A photo of Heather Heyer placed among flowers left at the scene of where she died, after a car plowed into her and other counter-protesters during the Charlottesville "Unite the Right" rally.
Justin Ide / Reuters

Racism’s perceived status as a moral pitfall explains why Trump and many others fail to see it as a widespread systemic issue. New York Times Magazine writer Greg Howard notes that former Alabama Gov. George Wallace, a deeply racist man, played a role in mainstreaming this construct in 1964 when he tried to explain the “difference” between a segregationist and a racist.

“Racism ceased to be a matter of systems and policy and became a referendum on the rot of the individual soul,” writes Howard. “Calling people racist was no longer a matter of evaluating their opinions; it was an accusation of being irrevocably warped at the very core.”

Wallace’s construction was supposed to make it easier to ignore a need for societal reform and outrightly say racism is bad. But if racism itself is the sin of a few bigots, and not a system infecting politics and policy, why did it take Trump two days to denounce it?

Perhaps Trump was considering the extreme elements of his voter base.

Throughout the campaign, Trump appealed to white working-class voters who have racist beliefs about people of color. He repeatedly conflated blackness with poverty, claiming that black voters were “living in hell.” He blamed the Black Lives Matter movement for the murder of police officers ― something a number of white people do frequently ― and employed Steve Bannon, who ran a favorite website of white supremacists, as his campaign manager (he’s now White House chief strategist). He called Mexican immigrants “rapists,” “killers” and “criminals” in preplanned comments.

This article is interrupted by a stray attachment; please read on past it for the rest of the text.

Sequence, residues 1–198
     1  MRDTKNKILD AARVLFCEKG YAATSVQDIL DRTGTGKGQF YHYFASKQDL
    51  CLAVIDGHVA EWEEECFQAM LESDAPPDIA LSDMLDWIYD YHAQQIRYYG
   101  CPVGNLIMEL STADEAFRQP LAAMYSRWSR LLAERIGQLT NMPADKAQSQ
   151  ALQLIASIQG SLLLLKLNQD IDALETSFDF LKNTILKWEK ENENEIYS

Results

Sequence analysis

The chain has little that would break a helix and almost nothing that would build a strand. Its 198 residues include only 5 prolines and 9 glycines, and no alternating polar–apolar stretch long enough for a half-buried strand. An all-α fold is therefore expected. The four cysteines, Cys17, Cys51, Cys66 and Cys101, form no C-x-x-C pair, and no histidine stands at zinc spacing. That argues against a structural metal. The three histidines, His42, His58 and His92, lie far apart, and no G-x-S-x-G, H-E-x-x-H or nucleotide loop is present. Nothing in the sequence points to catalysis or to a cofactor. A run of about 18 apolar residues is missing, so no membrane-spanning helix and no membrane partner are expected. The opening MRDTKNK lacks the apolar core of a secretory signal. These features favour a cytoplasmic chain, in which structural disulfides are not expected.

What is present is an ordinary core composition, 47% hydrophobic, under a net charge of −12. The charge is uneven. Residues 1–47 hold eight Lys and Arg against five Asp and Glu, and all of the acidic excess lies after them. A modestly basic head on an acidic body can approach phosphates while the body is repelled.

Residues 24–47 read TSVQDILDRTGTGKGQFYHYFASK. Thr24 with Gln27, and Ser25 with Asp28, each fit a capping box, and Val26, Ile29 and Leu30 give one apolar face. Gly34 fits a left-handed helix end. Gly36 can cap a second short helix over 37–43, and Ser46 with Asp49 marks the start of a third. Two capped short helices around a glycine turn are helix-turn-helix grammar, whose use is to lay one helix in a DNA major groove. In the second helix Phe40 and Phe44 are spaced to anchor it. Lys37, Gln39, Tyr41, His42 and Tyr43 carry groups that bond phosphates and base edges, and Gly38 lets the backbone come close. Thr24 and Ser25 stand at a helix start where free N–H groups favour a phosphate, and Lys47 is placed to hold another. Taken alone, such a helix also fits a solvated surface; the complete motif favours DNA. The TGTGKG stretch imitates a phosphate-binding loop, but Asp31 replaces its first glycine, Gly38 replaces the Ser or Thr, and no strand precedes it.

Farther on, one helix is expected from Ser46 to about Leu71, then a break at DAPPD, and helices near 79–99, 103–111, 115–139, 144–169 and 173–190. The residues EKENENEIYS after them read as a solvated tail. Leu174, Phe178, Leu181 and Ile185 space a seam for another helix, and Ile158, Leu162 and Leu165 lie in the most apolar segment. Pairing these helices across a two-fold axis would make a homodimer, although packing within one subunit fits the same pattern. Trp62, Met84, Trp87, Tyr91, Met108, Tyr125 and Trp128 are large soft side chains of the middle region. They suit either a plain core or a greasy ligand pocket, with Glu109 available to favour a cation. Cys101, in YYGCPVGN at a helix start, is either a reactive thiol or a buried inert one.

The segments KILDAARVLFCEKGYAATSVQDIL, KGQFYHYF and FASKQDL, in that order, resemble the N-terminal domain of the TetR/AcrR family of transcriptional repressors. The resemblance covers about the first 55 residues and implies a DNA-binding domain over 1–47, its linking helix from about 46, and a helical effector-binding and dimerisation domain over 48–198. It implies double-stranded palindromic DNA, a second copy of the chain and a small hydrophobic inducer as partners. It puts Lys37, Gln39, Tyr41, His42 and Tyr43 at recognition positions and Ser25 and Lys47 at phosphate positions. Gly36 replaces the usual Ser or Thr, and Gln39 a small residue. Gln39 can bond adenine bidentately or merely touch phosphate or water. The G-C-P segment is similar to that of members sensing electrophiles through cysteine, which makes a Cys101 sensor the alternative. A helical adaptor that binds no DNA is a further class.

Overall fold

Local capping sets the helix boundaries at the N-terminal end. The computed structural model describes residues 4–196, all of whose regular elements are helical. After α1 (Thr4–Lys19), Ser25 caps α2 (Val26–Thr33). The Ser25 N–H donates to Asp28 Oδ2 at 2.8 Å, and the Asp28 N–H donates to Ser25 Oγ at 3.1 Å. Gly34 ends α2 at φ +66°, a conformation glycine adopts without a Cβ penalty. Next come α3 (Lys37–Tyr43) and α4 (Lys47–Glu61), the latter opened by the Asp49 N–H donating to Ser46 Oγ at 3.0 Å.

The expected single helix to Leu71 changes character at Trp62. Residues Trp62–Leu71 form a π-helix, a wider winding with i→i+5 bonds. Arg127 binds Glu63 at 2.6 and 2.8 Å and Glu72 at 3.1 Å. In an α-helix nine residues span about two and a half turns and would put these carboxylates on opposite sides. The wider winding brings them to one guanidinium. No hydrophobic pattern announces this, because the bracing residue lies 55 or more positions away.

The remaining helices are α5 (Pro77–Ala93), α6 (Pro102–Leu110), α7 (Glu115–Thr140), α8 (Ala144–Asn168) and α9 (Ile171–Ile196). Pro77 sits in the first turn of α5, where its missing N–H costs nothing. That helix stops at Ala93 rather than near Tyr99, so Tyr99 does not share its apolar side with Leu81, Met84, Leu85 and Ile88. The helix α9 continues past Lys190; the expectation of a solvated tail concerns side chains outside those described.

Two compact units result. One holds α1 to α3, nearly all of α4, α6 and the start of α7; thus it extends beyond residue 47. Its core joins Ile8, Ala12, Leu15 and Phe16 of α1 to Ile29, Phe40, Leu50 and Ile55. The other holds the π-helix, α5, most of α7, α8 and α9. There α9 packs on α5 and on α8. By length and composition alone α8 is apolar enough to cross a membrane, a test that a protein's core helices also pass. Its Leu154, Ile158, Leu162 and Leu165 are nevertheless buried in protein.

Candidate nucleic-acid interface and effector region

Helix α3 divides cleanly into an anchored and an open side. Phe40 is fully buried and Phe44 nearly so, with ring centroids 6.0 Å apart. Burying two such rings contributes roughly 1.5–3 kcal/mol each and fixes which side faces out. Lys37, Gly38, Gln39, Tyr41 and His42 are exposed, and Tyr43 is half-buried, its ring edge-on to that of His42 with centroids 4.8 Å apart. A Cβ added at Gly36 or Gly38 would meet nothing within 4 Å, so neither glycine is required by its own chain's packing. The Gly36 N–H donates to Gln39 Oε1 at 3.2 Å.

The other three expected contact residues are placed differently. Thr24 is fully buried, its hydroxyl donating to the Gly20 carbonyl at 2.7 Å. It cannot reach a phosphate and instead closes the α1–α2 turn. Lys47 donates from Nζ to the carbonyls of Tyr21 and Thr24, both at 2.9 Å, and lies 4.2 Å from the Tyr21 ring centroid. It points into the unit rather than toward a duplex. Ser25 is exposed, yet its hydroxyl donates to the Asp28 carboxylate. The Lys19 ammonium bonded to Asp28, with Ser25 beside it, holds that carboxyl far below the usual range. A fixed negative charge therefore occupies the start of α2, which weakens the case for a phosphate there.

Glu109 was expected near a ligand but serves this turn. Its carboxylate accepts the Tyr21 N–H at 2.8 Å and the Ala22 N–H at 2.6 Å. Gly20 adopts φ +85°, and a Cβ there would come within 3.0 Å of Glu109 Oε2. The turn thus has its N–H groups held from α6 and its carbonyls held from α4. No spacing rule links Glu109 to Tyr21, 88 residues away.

Trump was also slow to denounce the Ku Klux Klan when former grand wizard David Duke endorsed his presidency. During one campaign town hall, Trump said he’d consider reinstating “stop and frisk,” a policy that violated the constitutional rights of Latinx and black people. He even praised the the 1700s and 1800s as a good era, without acknowledging that black people were enslaved during these peiods.

This language served as a dog whistle for white supremacists who latched onto Trump during the campaign, and it continues to do so now. And failing to immediately vilify white nationalism as an ideology in regard to Charlottesville left an impression on the so-called “alt-right,” as noted in previous HuffPost reports.

Despite his most recent comments on Saturday’s violence, Trump has reportedly not contacted groups representing people of color, who may have felt victimized by the rhetoric and violence that white nationalist groups have been promoting. He also mentioned “other hate groups” in his speech on Monday, instead of simply calling out white supremacy. (It’s important to note that analysis The Washington Post published Monday shows that Trump has used Twitter to accuse black people of racism three times as often as he has directed such accusations toward white people.) The president also does not plan to visit Charlottesville, according to White House officials. An aide admitted that Trump’s presence would likely make the situation worse, according to the Daily Beast.

Until Trump hastily calls out racism as a systemic issue in all scenarios ― including when black people are killed by police and how government officials treat Latinx immigrants ― instead of the moral failing of a few individuals, his responses will always be too little too late.

This article has been updated with Trump’s comments from Tuesday.